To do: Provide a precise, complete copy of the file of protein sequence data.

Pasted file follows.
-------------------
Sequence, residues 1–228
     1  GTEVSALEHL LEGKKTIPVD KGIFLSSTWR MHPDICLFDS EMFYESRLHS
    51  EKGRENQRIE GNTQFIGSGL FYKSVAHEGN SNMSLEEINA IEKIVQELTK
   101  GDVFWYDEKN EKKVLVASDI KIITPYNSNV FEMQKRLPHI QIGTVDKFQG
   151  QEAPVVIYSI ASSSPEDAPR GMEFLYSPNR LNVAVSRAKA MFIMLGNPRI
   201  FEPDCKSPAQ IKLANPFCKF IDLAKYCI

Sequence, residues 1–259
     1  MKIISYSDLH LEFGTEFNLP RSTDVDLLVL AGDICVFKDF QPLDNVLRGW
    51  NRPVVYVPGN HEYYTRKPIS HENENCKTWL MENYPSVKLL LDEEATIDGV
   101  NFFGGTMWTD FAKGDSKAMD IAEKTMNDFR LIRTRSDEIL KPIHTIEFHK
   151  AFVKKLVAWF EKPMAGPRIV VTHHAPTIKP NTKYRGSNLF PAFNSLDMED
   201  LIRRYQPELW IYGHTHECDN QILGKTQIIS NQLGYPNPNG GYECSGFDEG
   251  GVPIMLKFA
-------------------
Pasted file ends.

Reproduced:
Sequence, residues 1–228
     1  GTEVSALEHL LEGKKTIPVD KGIFLSSTWR MHPDICLFDS EMFYESRLHS
    51  EKGRENQRIE GNTQFIGSGL FYKSVAHEGN SNMSLEEINA IEKIVQELTK
   101  GDVFWYDEKN EKKVLVASDI KIITPYNSNV FEMQKRLPHI QIGTVDKFQG
   151  QEAPVVIYSI ASSSPEDAPR GMEFLYSPNR LNVAVSRAKA MFIMLGNPRI
   201  FEPDCKSPAQ IKLANPFCKF IDLAKYCI

Sequence, residues 1–259
     1  MKIISYSDLH LEFGTEFNLP RSTDVDLLVL AGDICVFKDF QPLDNVLRGW
    51  NRPVVYVPGN HEYYTRKPIS HENENCKTWL MENYPSVKLL LDEEATIDGV
   101  NFFGGTMWTD FAKGDSKAMD IAEKTMNDFR LIRTRSDEIL KPIHTIEFHK
   151  AFVKKLVAWF EKPMAGPRIV VTHHAPTIKP NTKYRGSNLF PAFNSLDMED
   201  LIRRYQPELW IYGHTHECDN QILGKTQIIS NQLGYPNPNG GYECSGFDEG
   251  GVPIMLKFA